The Shockwave Rider by John Brunner

Generally the Fedcomps approved of people with strong religious convictions.

They were less likely than some to kick up a fuss. But there were limits, not to mention mavericks.

A few years ago his defenses would have been adequate. Now their flimsiness made him tremble as he walked down the wall-less aisle defined by the black rubber streaks car tires had left over decades. Sure, the fence at the base of the dome was electrified except where access had to be left for the confessional, and the booth itself was explosive-resistant and had its own air supply against a gas attack, but even so… !

Memo to selves: next time, a role where I can take more care of life and limb.

Privacy is fine, and I needed it when I arrived here. But this place was never meant to be operated by a single individual. I can’t scan every shifting shadow, make sure no nimble shivver is using it for cover!

Thinking of which as I stare around: my vision is unaided. At forty-six??? Out of three hundred million there are bound to be some people that age who have never bought corrective lenses, most because they can’t afford them. But suppose the Bureau of Health or some pharmo-medical combine decided there were few enough middlers without glasses to organize an exhaustive study of them? Suppose the people at Tarnover decided there must be a genetic effect involved? Ow.

Memo to selves, in red italics: stay closer to chronological age!

At that point in his musing he entered the confessional—and found that through its shatterproof three-centimeter window he was not looking at a little girl in a dress spattered with blood.

Instead, the exterior section of the booth was occupied by a burly blond man with a streak of blue in his tightly curled hair, wearing a fashionable rose-and-carmine shirt and an apologetic smile.

“So sorry you’ve been disturbed, Father,” he said. “Though it’s a stroke of luck that little Gaila found her way here… My name’s Shad Fluckner, by the way.” This poker looked too young to be the girl’s father: no more than twenty-five, twenty-six. On the other hand, his congregation included women married for the third or fourth time and now to men as much as twenty years younger. Stepfather?

In that case, why the smile? Because he’d used this kid he didn’t give a plastic penny for to rid himself of a rich but dragsome older wife? Fouler things had been admitted in this booth.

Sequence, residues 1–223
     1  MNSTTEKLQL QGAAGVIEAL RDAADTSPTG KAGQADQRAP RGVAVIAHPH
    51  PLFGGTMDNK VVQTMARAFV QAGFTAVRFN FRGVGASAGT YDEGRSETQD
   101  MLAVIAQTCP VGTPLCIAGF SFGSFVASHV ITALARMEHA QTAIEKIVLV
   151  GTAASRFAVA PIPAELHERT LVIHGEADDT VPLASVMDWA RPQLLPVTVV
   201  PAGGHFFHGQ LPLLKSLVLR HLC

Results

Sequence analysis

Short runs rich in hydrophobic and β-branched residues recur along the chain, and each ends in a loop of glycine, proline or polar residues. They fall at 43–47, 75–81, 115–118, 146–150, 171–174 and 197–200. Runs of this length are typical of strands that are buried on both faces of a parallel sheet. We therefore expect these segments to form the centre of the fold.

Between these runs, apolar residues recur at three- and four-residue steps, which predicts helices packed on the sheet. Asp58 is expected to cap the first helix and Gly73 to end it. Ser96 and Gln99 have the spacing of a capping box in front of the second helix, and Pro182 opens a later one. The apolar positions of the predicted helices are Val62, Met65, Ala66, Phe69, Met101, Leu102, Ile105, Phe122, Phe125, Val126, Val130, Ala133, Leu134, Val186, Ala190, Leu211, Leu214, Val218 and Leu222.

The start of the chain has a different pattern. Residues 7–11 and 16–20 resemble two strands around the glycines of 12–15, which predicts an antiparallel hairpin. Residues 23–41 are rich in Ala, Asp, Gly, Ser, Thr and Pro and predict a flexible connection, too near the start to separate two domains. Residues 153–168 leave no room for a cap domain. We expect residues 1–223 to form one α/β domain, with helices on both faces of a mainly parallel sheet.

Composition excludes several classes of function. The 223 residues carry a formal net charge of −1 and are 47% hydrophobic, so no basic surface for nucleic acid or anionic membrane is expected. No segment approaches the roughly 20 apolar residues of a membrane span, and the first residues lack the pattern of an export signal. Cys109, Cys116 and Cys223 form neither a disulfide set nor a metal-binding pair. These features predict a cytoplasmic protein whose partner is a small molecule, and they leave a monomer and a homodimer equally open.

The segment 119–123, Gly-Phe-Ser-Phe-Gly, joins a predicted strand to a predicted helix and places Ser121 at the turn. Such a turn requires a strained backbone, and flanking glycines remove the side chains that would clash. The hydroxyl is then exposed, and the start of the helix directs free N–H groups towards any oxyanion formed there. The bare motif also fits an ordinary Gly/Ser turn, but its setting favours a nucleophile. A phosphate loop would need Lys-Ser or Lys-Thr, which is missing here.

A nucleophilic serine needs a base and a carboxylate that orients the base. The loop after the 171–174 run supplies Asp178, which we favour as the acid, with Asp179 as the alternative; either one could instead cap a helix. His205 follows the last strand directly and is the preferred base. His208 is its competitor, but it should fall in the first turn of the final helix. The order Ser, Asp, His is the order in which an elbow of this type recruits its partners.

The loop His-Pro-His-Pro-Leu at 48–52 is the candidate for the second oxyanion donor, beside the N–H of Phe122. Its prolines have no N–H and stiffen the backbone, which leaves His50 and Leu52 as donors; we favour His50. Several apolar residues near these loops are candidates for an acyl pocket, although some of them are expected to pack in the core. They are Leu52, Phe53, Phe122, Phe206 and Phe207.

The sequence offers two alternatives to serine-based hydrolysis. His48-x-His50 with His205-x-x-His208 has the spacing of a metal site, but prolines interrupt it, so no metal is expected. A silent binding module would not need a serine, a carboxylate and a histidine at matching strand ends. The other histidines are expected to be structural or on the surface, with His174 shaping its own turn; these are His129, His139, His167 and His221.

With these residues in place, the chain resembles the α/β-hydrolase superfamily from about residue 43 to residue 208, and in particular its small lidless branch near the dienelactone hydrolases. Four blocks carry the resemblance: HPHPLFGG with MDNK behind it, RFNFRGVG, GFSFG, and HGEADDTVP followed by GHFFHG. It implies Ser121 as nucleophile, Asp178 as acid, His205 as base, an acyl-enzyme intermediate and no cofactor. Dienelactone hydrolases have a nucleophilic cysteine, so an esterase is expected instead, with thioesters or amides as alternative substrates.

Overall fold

Foggily he said, “Are you kin to—ah—Gaila, then?”

“Not in law, but you could say that after what we’ve been through together I’m closer to her than her legal kinfolk. I work for Anti-Trauma Inc., you see. Very sensibly, the moment Gaila’s parents detected signs of deviant behavior in her, they signed her up for a full course of treatment. Last year we cured her sibling rivalry—classic penis-envy directed against her younger brother—and right now she’s working into her Electra complex. With luck we’ll progress her to Poppaea level this coming fall… Oh, incidentally: she babbled something about you calling in the croakers. You don’t need to worry. She’s on file with the police computers as a non-act case.”

“She told me”—slowly and with effort—”she’d stabbed her mother. Killed her.”

“Oh, far as she’s concerned, sure she did! Just like she’s unconsciously wanted to ever since her mother betrayed her by letting her be born. But it was all a setup, naturally. We dosed her with scotophobin and shut her in a dark room, to negate the womb-retreat impulse, gave her a phallic weapon to degrade residual sexual envy, and turned an anonymous companion loose in there with her. When she struck out, we turned up the lights to show her mother’s body lying all bloody on the floor, and then we gave her the chance to run like hell. With me trailing her, of course. Wouldn’t have wanted her to come to any harm.” His slightly bored tone indicated that for him this was just another routine chore. But when he had concluded his exposition, he brightened as though a sudden idea had occurred to him. He produced a recorder from his pocket.

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